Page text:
Thursday, December 23, 2010

Hot wheels, chilly morning, warming words

'Twas Christmas morning at our house. We make a special request to the Big Man to make a special drop off a few days early at our house. He graciously complies.

I heard the first footsteps making their way down the hallway towards the Christmas tree at five minutes past six o'clock. "He came. Santa came," were the whispers that followed. Precious.

I had programmed my coffee pot to begin brewing at fifteen minutes past six o'clock. The present opening proceeded at sixteen minutes past six o'clock.



















Thank goodness we open presents from youngest to oldest, because Nell had already begun to unwrap her presents at this point. And although the present situation looks a bit skimpy, scroll down to see the over-sized and under-priced goodies Santa left behind in the garage. (Santa worked miracles with the prices he paid for these gently used wheels.)



































I insisted we wait until exactly ten o'clock this morning to take the first test drive, because by then the temperature was 25 degrees. Perfect weather for cruising around the yard.

I realized boys must come from the womb knowing how to drive anything. Tucker expertly maneurved around the yard; Noah crashed into three bushes and completely demolished a plastic Sesame Street scooter parked by the shed.

The power wheels were chilling fun for the kids, but I was most eager to give Brent a special present. I tried something new this year and wrote him a poem. I printed it off at home, found an old mat, repainted an old frame, and wrapped it up.

The inspiration came two weeks ago as I was recovering from hip surgery. The kids were away at Grandma's house, leaving Brent here to help me get around. It's rare these days we have any time alone, and somewhere amidst my pain I found inspiration.

The gift was a semi-success. First, it got lost in the excitement over the kids' toys. Secondly, he thought I found the poem online and printed it off. After a third read, he thought it was perhaps insulting. By the fourth read, and lengthy explanation, I think he sensed the sincerity.




















I'll let you decide for yourself...

Sometimes it's hard to see the man behind the daddy
Tangled up with our toddlers
Hidden in a game of you can't find me

Sometimes it's hard to see the husband for the father
Lost in a game of t-ball
Or up to his elbows in bath water

Sometimes it's hard to see the spouse for the provider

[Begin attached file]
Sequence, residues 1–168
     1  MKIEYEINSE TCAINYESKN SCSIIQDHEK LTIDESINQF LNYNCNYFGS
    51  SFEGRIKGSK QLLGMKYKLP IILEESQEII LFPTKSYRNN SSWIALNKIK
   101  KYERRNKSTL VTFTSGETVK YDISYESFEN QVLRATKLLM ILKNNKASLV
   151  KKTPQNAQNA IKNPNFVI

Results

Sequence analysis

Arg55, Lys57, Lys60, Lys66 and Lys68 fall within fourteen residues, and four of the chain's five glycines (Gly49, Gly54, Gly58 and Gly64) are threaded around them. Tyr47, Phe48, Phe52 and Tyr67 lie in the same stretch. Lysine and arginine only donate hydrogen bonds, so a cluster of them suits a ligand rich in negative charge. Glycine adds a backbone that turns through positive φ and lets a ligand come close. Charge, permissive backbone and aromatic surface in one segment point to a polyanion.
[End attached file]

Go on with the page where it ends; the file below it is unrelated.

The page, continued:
Buried in a job
Forgoing his own desire

But today I caught a glimpse of the man I've missed
His humor, sport, love, support

My eyes were lost to a place years ago
Where I took that first step as God whispered, let go

Merry Christmas everyone!

Wednesday, December 15, 2010

I don't do Bunco

I don't play Bunco.

Never been much of a game player, really. Unless, the game involved a ball, a court, and the chance to push around that girl from a few miles down the road whose blond, bouncy pony tail made me crazy. Then, I guess you could say, I was a bit of a game player.

Board games. Dice games. Gambling. Just not my sport.

And since the opportunities to lay a solid "box out" on a blond nemesis are slim post thirty, I choose to steer clear of the game playing scene.

Instead, I put in a few hours once a month on the local economic development board. A far reach from my preferred sport, but an investment of time that goes much further than a victory at the end of the night.

I just returned home from said meeting. Four women; counting an honorary high school board member. Eight men. Yours truly holds the gavel. Sometimes I think they - the old men - look right through me; and other times I consider rapping the gavel on their gray matter.

Tonight, the agenda covered a variety of topics, but none so compelling as a new wind farm development set to unfold in the northwest portions of the county.

At present, the largest wind farm in the state sits atop the northeastern townships of our county. The project discussed tonight, would become number two in the state.

The development of wind energy here - on the open Kansas prairie - didn't easily sweep across the Plains. It was welcomed by some. It remains unforgiven by others.

Someday, when the winds have settled, I will tell stories about the biggest wind farm development on the Kansas prairie. I was fresh out of college, and my first job gave me a front row seat for all that unfolded in this great story. Lasting impressions of how I have come to further understand the prairie, the rancher, farmer, Kansas, energy, government, private development, and the endless ways our lives, and livelihoods, are tumbled together.

Someday.

For now, my role as a volunteer board member no longer affords me a front row seat. But I remain informed, engaged, and have the opportunity to impact decisions and actions for those in the front row.

That's a helluva lot more than a night out at Bunco will get ya.